Like most countries in Europe, Kosovo is a year-round destination but obviously, some seasons are better than others.
The best time to travel to Kosovo is during these seasons, when the weather is pleasant, but the main attractions aren’t overrun by crowds of tourists.
While this might seem the ideal season to visit the country, the truth is that it’s the high season for the Kosovo diaspora – Kosovar nationals living abroad – who like to spend the holidays in their homeland.
Note that the Kosovo diaspora is nearly 50% of the total population.
Winters are cold in Kosovo, with many areas covered in snow but if you don’t mind the freezing weather, it could also be a great time to visit the country.
Pristina (PRN) has an international airport with connections to many European cities, especially those in countries with a large diaspora population, including Germany, Switzerland, Austria and Norway.
Common stopovers to Pristina are Vienna, Frankfurt, Geneva, London, Munich, or Istanbul.
Lufthansa, Austrian Airlines, EasyJet, Wizzair, Pegasus or Turkish Airlines, among many others, are the most common airlines.
Your trip to Kosovo might also include neighboring Balkan countries, so you will be likely to either enter or exit through one of its many borders.
We actually traveled to Kosovo via Albania and left via North Macedonia.
Currently, Kosovo shares a border with Serbia, Montenegro, Albania, and North Macedonia.
All of them are easy, and pretty straightforward to cross, except for Serbia.
The border is open, anyone can cross, but be aware that tensions between both countries still exist.
Occasionally, if crossing by bus, you’ll be escorted by a car from the Serbian Army for the first few kilometers of no man’s land but, other than that, you should be fine.
Serbia doesn’t recognize the international borders of Kosovo so, in the eyes of Serbia, if you enter Kosovo from either Montenegro, Albania or North Macedonia, you’d be entering Serbia illegally.
If that was the case, your entry to Serbia will be denied.
However, if you travel to Kosovo from Serbia and then decide to come back, you’ll be allowed to enter.
Despite a relatively recent conflict, Kosovo is a safe country to travel.
There’s little petty crime compared to other European countries and, while tensions between Serbs and Albanians keep occurring – as happened in 2022 – it shouldn’t really affect your travels.
Kosovo isn’t a member of NATO, but there’s a large NATO presence across Kosovo.
You are likely to see their tanks and armored vehicles, especially when you visit Serbian Heritage sites, like Dečani Monastery.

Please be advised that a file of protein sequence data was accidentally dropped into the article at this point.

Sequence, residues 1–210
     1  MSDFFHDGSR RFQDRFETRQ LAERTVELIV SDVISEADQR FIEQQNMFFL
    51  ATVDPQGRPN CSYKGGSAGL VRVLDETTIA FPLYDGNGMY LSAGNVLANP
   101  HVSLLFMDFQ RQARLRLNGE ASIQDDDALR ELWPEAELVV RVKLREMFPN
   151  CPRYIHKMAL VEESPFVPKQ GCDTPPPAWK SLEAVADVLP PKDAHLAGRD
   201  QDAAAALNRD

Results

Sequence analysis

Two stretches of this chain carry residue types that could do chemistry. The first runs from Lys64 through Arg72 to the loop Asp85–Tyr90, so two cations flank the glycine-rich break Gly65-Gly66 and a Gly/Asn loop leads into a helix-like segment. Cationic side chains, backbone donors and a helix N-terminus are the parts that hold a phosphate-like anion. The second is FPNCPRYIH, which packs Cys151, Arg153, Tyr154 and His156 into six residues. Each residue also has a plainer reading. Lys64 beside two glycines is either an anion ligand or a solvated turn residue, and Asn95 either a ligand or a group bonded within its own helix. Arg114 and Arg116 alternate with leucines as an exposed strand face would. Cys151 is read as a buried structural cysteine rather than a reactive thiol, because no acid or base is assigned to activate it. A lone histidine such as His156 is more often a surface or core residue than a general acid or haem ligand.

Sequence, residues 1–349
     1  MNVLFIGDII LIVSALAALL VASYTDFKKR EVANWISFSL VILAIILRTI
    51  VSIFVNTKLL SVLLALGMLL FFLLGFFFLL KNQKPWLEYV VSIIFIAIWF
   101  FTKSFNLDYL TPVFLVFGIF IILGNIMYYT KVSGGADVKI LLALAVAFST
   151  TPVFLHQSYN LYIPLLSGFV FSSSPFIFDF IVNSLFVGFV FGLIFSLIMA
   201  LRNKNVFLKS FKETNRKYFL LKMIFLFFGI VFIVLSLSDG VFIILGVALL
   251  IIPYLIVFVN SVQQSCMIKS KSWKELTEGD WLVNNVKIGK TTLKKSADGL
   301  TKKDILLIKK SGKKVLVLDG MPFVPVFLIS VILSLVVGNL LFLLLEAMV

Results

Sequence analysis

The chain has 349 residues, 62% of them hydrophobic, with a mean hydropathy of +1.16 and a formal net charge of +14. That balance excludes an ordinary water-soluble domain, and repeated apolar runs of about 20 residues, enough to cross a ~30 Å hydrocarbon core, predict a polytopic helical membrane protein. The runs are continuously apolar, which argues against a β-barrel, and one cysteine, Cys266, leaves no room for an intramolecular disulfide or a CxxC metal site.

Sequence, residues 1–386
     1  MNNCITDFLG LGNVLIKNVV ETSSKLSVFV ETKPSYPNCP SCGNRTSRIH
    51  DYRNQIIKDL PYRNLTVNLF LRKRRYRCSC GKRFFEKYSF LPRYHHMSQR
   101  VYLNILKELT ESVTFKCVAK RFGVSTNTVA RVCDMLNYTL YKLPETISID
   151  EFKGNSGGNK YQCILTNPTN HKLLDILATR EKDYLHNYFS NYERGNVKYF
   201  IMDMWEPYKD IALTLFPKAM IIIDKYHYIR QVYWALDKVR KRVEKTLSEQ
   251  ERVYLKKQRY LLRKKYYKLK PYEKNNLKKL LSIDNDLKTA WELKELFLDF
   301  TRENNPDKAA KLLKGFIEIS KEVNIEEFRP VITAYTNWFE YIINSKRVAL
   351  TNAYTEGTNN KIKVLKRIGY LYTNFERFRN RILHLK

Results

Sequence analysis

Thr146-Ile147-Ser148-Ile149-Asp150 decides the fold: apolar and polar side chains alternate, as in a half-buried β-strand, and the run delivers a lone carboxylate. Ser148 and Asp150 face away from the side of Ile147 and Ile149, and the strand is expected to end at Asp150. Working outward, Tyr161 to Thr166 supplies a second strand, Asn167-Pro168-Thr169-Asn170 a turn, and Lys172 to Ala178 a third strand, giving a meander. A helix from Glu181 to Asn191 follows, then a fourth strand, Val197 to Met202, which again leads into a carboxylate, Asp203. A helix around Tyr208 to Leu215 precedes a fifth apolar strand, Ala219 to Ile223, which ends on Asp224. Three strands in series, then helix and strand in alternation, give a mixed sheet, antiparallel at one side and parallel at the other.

Anyone traveling to Kosovo shouldn’t miss:
Years of war and conflict left an impoverished country with little money to invest in monuments and make things pretty.
Something that really surprised me about Pristina is that the buildings from the city’s downtown, like the ones located in the main square, could easily be the buildings from the suburbs of a secondary city near Madrid, very low key.
However, among all that decadence, there are little oases composed of chic cafés serving the best coffee I had outside of Italy.
Anyone visiting Kosovo should add one or two Serbian-majority places in the itinerary, since Serbs have been living here for tens of generations, and they are also part of the unfortunate recent history.
The Turks ruled over Kosovo for 500 years, leaving behind a very tangible cultural heritage, including some epic architecture.
We really liked this area, and not only because it was pretty, but also because we had the best local experience in the entire Balkan Peninsula, people who would randomly invite us to their house to have tea, like in Pakistan.
Peja is a big city by Kosovar standards and we liked it because it was a really authentic Albanian city with little foreign influence, unlike Pristina, where one can already feel some cosmopolitanism.
Surprisingly, the official currency in Kosovo is the euro (€).
They adopted it unilaterally without permission from the EU back in 2012.
Everything is quoted in €, you can’t use other currencies. Banks give € too.
In a majority-Serbian village, however, I saw that prices were quoted in Serbian Dinars, but € were accepted too.
In Pristina, you can pay by debit card in many restaurants and hotels but it’s always convenient to have some extra cash just in case.
Outside of the capital, you might be able to pay by card in certain fancier hotels but do bring cash for the rest.
Kosovo is by far, the cheapest country in the world that uses the €.
Outside of the capital, sometimes we paid 40 cents for a magnificent espresso. In a fancy coffee house in the capital, you’ll pay up to 1€.
Eating out is surprisingly cheap too. In the most touristic street of Prizren, we paid 14€ (2 people) for a 2-meal course and 3 beers.